Gaining permission to build a new railway can potentially take years between conception of the proposal and when the building work actually starts. Writes Robert Slatcher

In response to this, the Development Consent Order (DCO) was introduced through the Planning Act (2008) to assist with planning for nationally significant infrastructure such as major rail, road and energy projects. It is a streamlined route to gaining the permission to build a new railway. The aim of the DCO is to speed up the process by bringing the consultation forward and combining all required permissions into a single consent.

There are other legislative mechanisms to grant consent for a new railway. One option, only open to Government, is a hybrid bill. Crossrail was consented using this approach and High Speed 2 is currently going through the hybrid bill process. Others, such as Network Rail or another private promoter, could seek consent through a Transport and Works Act Order (TWAO). However, a project should be promoted as a DCO if the scheme satisfies the criteria of being a Nationally Significant Infrastructure Project (NSIP). For a railway proposal, this would apply if the new track would have a continuous length of more than 2km.
Network Rail has submitted four DCO applications:

    • Ipswich Chord (granted September 2012)
    • North Doncaster Chord (granted October 2012)
    • Redditch Branch Enhancement Scheme (granted October 2013)
    • Norton Bridge Junction Improvement (granted March 2014).

Five years on from the introduction of DCOs in 2008, the Department for Communities and Local Government published a review on the NSIP planning regime. While the DCO scheme has been broadly hailed as a success, refinements have been introduced. These include the posting of good examples of draft DCOs on the Planning Inspectorate website, setting agendas in advance of hearings so all sides can prepare, and allowing the appointment of two planning inspectors (to save costs if two rather than three will suffice). Going forward, it is also intended that further guidance and clarification will be made available on many topics.

DCOs do present considerable challenges to the planning process, such as the need for extensive consultation early in the process, the establishment of Statements of Common Ground, and agreement before the application is submitted, as far as possible, on all major issues. This creates the need to develop the design of the project to include environmental mitigation, requiring more integrated working between design engineers, environmental specialists and Network Rail.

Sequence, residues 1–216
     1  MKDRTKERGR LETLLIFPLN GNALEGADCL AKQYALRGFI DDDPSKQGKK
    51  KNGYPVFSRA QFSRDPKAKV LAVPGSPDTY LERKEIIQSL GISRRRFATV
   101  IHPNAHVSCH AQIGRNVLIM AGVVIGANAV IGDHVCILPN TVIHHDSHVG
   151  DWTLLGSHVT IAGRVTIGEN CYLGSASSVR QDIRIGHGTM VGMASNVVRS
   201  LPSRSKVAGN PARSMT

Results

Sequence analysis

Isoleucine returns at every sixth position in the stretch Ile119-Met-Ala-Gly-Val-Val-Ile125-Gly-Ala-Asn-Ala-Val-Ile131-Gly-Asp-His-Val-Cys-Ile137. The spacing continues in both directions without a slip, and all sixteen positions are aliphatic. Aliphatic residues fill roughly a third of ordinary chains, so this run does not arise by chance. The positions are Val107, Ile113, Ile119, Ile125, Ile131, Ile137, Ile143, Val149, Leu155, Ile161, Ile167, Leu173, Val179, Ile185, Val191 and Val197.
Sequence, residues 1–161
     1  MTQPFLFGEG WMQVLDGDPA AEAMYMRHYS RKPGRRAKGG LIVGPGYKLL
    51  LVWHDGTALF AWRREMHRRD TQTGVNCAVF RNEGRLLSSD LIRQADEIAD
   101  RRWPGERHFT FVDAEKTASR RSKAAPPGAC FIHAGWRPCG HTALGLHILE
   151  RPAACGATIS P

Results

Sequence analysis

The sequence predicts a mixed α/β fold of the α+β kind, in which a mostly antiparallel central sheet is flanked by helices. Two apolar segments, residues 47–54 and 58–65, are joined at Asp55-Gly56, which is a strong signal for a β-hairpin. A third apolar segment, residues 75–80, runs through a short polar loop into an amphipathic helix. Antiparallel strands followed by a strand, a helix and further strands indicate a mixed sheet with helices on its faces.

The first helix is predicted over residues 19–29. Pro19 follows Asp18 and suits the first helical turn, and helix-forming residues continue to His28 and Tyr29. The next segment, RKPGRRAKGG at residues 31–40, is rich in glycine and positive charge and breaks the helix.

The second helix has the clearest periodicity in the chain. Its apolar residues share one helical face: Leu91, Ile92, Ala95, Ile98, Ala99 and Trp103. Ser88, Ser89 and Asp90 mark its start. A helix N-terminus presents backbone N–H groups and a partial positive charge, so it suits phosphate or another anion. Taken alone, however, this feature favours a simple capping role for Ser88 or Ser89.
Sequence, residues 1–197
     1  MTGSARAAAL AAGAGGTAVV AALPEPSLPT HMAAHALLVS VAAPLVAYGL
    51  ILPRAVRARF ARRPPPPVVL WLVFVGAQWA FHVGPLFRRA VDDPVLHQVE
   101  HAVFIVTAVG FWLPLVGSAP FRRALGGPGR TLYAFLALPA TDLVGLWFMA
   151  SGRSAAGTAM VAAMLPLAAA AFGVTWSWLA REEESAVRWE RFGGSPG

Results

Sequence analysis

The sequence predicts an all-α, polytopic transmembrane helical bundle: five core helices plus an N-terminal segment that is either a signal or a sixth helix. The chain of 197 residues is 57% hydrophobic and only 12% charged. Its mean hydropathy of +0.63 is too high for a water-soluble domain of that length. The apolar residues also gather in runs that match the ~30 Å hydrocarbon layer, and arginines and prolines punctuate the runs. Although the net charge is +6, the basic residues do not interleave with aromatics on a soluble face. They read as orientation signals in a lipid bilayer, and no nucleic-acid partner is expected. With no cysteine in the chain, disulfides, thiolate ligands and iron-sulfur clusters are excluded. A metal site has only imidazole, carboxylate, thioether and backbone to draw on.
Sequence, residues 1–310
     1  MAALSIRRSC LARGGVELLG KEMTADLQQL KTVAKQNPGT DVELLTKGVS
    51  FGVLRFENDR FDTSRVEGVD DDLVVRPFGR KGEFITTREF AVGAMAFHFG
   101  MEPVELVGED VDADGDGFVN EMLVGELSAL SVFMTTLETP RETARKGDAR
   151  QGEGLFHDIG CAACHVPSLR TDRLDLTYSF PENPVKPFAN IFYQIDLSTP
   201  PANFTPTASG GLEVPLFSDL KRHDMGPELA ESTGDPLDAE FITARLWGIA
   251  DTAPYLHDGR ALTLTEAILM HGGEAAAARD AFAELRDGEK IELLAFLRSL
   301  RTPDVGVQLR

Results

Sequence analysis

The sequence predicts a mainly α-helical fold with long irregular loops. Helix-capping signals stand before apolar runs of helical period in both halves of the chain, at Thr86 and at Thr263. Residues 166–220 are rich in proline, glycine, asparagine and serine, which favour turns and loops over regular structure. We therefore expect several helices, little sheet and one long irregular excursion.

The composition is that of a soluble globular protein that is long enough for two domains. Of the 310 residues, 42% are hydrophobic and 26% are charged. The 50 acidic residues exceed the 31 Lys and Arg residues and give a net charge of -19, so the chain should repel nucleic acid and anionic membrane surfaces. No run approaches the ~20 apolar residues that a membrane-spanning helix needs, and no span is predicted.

The DCO process has a defined timetable from application submission through to final decision, and the option exists to receive assistance from the Planning Inspectorate to make sure milestones are met. Project proponents therefore have more confidence in planning for construction knowing when they will be able to commence works as DCOs are completed in a set time of 15 months.

Covering environmental bases

Major infrastructure projects are often challenged on environmental grounds. Therefore, there is a benefit in using an environmental team with the ability to act with independence from the design team, to challenge design and conventional solutions, and to ensure that opportunities through DCOs for more integrated mitigation and enhancement are fully realised.

Importantly, the independent environmental team is able to focus on minimising risks associated with environmental and social matters. These might slow down the consultation processes or even jeopardise acceptance of the scheme. Constructive challenge on design assumptions and approaches can lead to opportunities to solve several problems at once through innovative design.Newt trapping, October 2013 [online]

For the relationship between environment and design to be effective, it is essential that an environmental presence is embedded in the project team. This champions sustainability and ensures that the consideration of environmental impacts remains an integral consideration throughout design evolution. A close collaboration between environmental and design teams also supports the environmental assessment process, which is enhanced by having a clear understanding of the scheme design and ‘real time’ opportunities to influence the scheme design.